The word “chiffon” started out as a French term for a rag or small piece of cloth. Several centuries ago, fabric and clothing manufacturers adopted it as the name of a light, airy fabric.
This led to the use of “chiffon” as a generic or brand name for a number of other consumer products, ranging from cake and toilet paper to margarine, as a way of emphasizing their “fluffiness.”
Chiffon margarine was first manufactured in the 1950s by the Texas-based corporation Anderson, Clayton and Company (ACCO).
ACCO had sold cotton and cotton products since the early 1900s. In 1952, the company created a food division to find uses for hydrogenated cottonseed oil.
Two years later, ACCO began selling products made with this oil, including Seven Seas salad dressing and Chiffon margarine.
Chiffon was one of the first soft, tub-style margarine products. But by the 1960s there were many brands of soft margarines and, to the dismay of ACCO executives, Chiffon lacked notable name recognition among consumers.
That changed in the 1970s, when the company began airing TV commercials for Chiffon that included a memorable character and a slogan that became a pop catchphrase:
“It’s not nice to fool Mother Nature.”
These classic Chiffon ads featured the talented Hollywood character actress Dena Dietrich as Mother Nature.
The video at right is a typical example.
In this early Chiffon commercial (possibly the first), Mother Nature is given some Chiffon to taste.
She likes it and identifies it as “my delicious butter.”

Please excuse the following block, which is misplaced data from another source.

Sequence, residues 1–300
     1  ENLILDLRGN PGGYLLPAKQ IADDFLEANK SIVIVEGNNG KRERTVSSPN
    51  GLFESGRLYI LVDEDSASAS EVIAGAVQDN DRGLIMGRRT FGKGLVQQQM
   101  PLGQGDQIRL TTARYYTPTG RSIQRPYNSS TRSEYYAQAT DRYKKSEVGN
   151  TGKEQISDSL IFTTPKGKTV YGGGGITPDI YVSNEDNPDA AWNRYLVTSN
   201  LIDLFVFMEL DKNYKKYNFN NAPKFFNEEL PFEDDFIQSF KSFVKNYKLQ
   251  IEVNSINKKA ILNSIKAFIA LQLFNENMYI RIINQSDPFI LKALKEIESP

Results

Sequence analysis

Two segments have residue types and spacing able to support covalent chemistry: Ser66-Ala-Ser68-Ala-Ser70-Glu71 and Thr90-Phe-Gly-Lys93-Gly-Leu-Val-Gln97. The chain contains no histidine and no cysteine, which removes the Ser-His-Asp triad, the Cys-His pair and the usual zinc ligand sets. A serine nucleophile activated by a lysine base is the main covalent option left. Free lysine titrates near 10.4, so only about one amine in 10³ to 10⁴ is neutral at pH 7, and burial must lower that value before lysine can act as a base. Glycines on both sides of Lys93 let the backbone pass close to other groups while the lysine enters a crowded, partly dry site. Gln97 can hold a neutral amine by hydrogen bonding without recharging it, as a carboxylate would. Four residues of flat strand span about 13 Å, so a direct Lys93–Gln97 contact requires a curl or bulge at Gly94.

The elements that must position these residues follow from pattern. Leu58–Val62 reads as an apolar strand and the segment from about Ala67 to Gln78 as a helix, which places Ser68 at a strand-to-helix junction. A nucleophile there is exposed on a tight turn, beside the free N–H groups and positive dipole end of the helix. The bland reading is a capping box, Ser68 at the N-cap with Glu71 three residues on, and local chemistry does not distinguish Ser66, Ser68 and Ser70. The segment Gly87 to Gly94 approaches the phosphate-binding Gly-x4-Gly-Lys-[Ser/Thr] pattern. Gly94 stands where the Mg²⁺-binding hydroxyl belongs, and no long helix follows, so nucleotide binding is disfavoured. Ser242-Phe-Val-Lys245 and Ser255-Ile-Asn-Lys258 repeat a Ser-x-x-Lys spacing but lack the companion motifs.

The narrator then tells her: “That’s Chiffon margarine, not butter…Chiffon’s so delicious it fooled even you, Mother Nature.”
Perturbed at being tricked, Mother Nature responds with her signature line “It’s not nice to fool Mother Nature.” She underscores her displeasure by creating a flash of lightning and a loud peal of thunder.
The ads succeeding in boosting consumer awareness and sales of Chiffon.
Mother Nature’s catchphrase caught on and was trademarked by ACCO. According to the papers filed with the U.S. Patent and Trademark Office, it was first used on June 28, 1972.
Based on old newspaper clips and other online sources, I think Chiffon ads with Mother Nature may actually have started airing in 1971 in some media markets. However, the “official” birthday of the trademarked slogan is June 28th.
The line continued to be featured in Chiffon ads throughout the 1970s, then was retired in the ‘80s.
In the 1990s, ACCO sold Chiffon to Kraft. Kraft sold it to ConAgra a few years later. Shortly after that, production of Chiffon was discontinued.
However, the line “It’s not nice to fool Mother Nature” lives on as a humorous saying that’s still heard today.
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Books about classic ads and ad slogans…